And it wasn’t just Donald Trump who won last night—it was his supporters too. The Klan won last night. White nationalists. Sexists, racists and buffoons. Angry young white men who think rap music and Cinco de Mayo are a threat to their way of life (or are the reason for their way of life) have been given cause to celebrate. Men who have no right to call themselves that and who think that women who aspire to more than looking hot are shrill, ugly, and otherwise worthy of our scorn rather than our admiration struck a blow for misogynistic shitheads everywhere. Hate was given hope. Abject dumbness was glamorized as being “the fresh voice of an outsider” who’s going to “shake things up.” (Did anyone bother to ask how? Is he going to re-arrange the chairs in the Roosevelt Room?) For the next four years, the President of the United States, the same office held by Washington and Jefferson, Lincoln and Teddy Roosevelt, F.D.R., J.F.K. and Barack Obama, will be held by a man-boy who’ll spend his hours exacting Twitter vengeance against all who criticize him (and those numbers will be legion). We’ve embarrassed ourselves in front of our children and the world.

And the world took no time to react. The Dow futures dropped 700 points overnight. Economists are predicting a deep and prolonged recession. Our NATO allies are in a state of legitimate fear. And speaking of fear, Muslim-Americans, Mexican-Americans and African-Americans are shaking in their shoes. And we’d be right to note that many of Donald Trump’s fans are not fans of Jews. On the other hand, there is a party going on at ISIS headquarters. What wouldn’t we give to trade this small fraction of a man for Richard Nixon right now?

So what do we do?

First of all, we remember that we’re not alone. A hundred million people in America and a billion more around the world feel exactly the same way we do.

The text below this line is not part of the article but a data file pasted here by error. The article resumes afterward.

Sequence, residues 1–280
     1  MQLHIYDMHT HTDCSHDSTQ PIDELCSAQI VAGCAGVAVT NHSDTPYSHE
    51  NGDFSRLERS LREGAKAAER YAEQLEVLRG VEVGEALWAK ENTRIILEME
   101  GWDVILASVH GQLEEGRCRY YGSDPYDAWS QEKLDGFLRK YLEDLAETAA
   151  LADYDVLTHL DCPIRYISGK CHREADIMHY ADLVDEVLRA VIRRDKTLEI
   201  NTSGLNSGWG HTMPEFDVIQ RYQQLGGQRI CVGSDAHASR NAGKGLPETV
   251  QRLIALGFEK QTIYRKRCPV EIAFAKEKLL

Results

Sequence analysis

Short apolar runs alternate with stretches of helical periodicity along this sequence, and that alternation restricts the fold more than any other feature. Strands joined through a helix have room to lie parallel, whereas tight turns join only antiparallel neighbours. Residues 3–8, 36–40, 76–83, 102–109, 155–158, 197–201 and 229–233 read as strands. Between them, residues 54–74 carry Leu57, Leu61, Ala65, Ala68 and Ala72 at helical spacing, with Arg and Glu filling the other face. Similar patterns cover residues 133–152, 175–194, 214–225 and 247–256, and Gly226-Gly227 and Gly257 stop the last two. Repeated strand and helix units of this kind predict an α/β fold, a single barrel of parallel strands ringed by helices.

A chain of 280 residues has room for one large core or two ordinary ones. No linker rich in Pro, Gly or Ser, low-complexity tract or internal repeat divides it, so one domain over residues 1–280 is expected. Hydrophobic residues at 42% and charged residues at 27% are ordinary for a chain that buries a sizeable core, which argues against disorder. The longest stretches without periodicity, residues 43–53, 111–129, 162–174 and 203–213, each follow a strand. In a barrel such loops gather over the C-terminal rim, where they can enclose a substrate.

Second, we get out of bed. The Trumpsters want to see people like us (Jewish, “coastal elites,” educated, socially progressive, Hollywood…) sobbing and wailing and talking about moving to Canada. I won’t give them that and neither will you. Here’s what we’ll do…

…we’ll fucking fight. (Roxy, there’s a time for this kind of language and it’s now.) We’re not powerless and we’re not voiceless. We don’t have majorities in the House or Senate but we do have representatives there. It’s also good to remember that most members of Trump’s own party feel exactly the same way about him that we do. We make sure that the people we sent to Washington—including Kamala Harris—take our strength with them and never take a day off.

We get involved. We do what we can to fight injustice anywhere we see it—whether it’s writing a check or rolling up our sleeves. Our family is fairly insulated from the effects of a Trump presidency so we fight for the families that aren’t. We fight for a woman to keep her right to choose. We fight for the First Amendment and we fight mostly for equality—not for a guarantee of equal outcomes but for equal opportunities. We stand up.

America didn’t stop being America last night and we didn’t stop being Americans and here’s the thing about Americans: Our darkest days have always—always—been followed by our finest hours.

Roxy, I know my predictions have let you down in the past, but personally, I don’t think this guy can make it a year without committing an impeachable crime. If he does manage to be a douche nozzle without breaking the law for four years, we’ll make it through those four years. And three years from now we’ll fight like hell for our candidate and we’ll win and they’ll lose and this time they’ll lose for good. Honey, it’ll be your first vote.

The battle isn’t over, it’s just begun. Grandpa fought in World War II and when he came home this country handed him an opportunity to make a great life for his family. I will not hand his granddaughter a country shaped by hateful and stupid men. Your tears last night woke me up, and I’ll never go to sleep on you again.

Love,  Dad


See original story here.